MYSORE (mi-sOrl, or MAISUR (mi nor'), a native state of southern India, bounded by districts of the Madras pres idency; area square miles; pop. about 6,000,000. Mysore is an extensive tableland much broken by hill ranges and deep ravines, and is divided into two portions, a little N. of lat. 13° N., by the watershed between the Kistna and the Kaveri rivers. Numerous isolated rocks (drugs), rising to 4,000 or 5,000 feet, are a peculiarity of the country, and have been mostly converted into hill fortresses. The rivers are used for irrigation purposes, but are not naviga ble. The climate of the higher districts is during a great portion of the year healthy and pleasant. The annual value of the exports, chiefly betel nut and leaves, coffee, ragi, gram, cotton, piece goods, cardamoms, rice, silk, and sugar, is above $6,000,000. The imports, consist ing mainly of piece-goods, cloth, wheat, silver, gold, cotton, rice, silk, betel leaves, and pepper, are over $7,500,000. The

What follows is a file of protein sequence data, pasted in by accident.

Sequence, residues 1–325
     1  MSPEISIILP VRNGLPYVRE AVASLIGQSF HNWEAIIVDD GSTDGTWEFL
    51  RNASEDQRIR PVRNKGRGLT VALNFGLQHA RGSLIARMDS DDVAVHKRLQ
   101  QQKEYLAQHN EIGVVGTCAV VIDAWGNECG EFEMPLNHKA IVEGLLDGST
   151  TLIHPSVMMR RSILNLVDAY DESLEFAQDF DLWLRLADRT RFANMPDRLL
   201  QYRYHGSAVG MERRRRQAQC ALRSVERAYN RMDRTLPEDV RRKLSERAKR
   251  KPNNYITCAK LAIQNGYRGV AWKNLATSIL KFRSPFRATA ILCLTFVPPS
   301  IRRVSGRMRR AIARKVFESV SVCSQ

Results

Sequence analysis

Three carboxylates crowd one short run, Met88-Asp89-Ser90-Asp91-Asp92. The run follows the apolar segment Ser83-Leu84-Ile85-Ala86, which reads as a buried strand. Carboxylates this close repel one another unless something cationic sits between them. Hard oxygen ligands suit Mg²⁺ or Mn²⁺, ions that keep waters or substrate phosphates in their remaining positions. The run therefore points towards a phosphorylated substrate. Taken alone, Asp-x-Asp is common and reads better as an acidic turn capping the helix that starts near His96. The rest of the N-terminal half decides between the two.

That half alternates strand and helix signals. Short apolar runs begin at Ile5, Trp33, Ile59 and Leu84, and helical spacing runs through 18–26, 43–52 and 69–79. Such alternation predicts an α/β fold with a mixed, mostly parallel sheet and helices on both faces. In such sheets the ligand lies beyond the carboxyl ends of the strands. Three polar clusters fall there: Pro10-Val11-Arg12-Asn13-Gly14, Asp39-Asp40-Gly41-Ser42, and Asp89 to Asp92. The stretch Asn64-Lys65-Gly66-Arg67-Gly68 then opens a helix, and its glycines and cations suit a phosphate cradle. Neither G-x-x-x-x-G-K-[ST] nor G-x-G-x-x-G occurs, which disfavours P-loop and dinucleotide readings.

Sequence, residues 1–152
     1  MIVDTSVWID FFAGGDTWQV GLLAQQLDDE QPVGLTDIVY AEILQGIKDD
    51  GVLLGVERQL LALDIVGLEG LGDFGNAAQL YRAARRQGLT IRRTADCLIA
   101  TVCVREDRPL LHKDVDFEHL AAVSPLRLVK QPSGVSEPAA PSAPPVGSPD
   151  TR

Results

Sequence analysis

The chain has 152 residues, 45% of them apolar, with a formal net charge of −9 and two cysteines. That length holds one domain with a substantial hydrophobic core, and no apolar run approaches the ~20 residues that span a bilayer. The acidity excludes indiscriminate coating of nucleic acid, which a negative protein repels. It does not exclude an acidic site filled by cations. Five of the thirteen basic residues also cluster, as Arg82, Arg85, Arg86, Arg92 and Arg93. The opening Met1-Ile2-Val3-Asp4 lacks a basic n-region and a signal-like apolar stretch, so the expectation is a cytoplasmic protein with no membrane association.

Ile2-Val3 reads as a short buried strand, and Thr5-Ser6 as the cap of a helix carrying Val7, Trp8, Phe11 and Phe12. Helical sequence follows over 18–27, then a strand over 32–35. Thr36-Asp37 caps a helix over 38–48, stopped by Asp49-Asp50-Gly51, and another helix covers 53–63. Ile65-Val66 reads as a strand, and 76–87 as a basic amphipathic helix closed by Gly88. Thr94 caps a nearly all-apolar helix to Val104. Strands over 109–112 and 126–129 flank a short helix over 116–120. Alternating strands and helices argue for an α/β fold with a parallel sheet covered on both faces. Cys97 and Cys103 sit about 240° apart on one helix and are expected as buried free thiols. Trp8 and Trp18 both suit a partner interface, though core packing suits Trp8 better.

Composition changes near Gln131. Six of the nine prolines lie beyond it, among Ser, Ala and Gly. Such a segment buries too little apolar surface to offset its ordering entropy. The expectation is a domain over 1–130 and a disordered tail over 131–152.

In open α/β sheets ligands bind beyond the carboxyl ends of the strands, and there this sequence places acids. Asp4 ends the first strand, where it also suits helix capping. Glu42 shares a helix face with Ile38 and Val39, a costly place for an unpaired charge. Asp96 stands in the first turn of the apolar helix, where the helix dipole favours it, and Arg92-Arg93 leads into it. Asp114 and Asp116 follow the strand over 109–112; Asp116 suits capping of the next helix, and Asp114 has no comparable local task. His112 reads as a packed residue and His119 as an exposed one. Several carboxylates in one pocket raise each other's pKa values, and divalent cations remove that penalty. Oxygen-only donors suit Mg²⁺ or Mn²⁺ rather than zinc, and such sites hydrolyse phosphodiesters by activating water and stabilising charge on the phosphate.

ruinous misgovernment of the native prince led the British to assume the ad ministration in 1831; but in 1881 Mysore was restored to the native dynasty. The famine years (1876-1878) told with great severity on that state. Capital, Mysore, situated amid picturesque scenery on a declivity formed by two parallel ranges running N. and S. 245 miles W. S. W. of Madras, is a prosperous, well-built town with broad, regular streets, and substantial houses and public buildings. On the S. side stands the fort, which incloses the rajah's palace; its chief object of interest is a magnificent chair or throne of fig-wood, overlaid with ivory and gold. Pop. about 75,000.